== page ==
The follow was sent to Fosters.com, by a PhD level researcher. Smarter Balance Testing should be an opt-in testing. Have you asked your school board members for an opt-in rather than opt out process?
"Great cycles of history began with vigorous cultures awakening to the needs of children, but collapsing with frayed family ties. Have we failed to learn lessons which Ancient China, Greece and Rome learned too late - about day care and death houses for old folks? Do we without protest accept accelerating preschool and nursing home cultures which warn ominously that the earlier you institutionalize your child, the earlier he will institutionalize you!" - Raymond S. Moore, Ph.D.
School Test Unethical and InvalidPosted Apr. 7, 2015 at 3:11 PM
To the editor: I am writing to commend Shawna and David Coppola of Madbury for their decision to opt their children out of the Smarter Balanced assessment at the Oyster River School District, and to invite other families to follow suit. It is my intention to do the same with my own children.
I am a PhD level educational researcher who studies learning. My opposition to Smarter Balanced is driven by two main reservations: (1) U.S. families have, since 2001, been unwitting participants in a educational research project at an unprecedented scale, with activist reformers and legislators pushing market-based reforms underwritten by a punitive system of testing. Smarter Balanced represents the latest wave of data collection in this widespread experiment. As a researcher, I am subject to Institutional Review Board scrutiny anytime I use psychometric assessments of learning, and it is required practice to secure consent from research participants and to let them opt out at any time with no penalty. Smarter Balanced is such an assessment and should be held to the same ethical standard as all research on human subjects, in which seeking consent is mandatory.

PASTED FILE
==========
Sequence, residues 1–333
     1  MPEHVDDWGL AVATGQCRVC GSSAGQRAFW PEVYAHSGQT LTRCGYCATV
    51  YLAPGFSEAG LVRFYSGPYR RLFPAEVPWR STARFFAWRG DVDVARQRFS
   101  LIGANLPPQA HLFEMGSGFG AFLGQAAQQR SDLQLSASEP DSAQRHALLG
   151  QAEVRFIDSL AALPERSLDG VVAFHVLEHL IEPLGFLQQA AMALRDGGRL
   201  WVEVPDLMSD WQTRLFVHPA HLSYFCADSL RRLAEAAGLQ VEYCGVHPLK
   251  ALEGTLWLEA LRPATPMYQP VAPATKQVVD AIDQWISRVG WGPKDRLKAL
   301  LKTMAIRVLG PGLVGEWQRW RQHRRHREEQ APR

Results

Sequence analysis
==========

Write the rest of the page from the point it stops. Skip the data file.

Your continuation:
(2) Smarter Balanced is claimed to be a valid assessment of learning. This is false in one crucial respect: Standardized tests have been shown repeatedly to lack ecological validity. In educational research, validity refers to a test’s ability to measure what it claims to measure, and not something else. Above all else, standardized tests measure children’s ability to take standardized tests. There is little correspondence between this ability and the ability to proficiently learn and perform complex tasks in normal environments. I do not necessarily fault the designers of Smarter Balanced for this problem, as it is a common mistake in educational research due to inadequate training. Nonetheless, because Smarter Balanced – and all similar metrics – cannot approximate real-life situations in which people are called upon to learn, it lacks validity in precisely the domain it purports to measure.
I regard Smarter Balanced as part of a nationwide system of compulsory participation in unethically managed, invalid research. The Coppolas are wise to exercise their rights to opt out.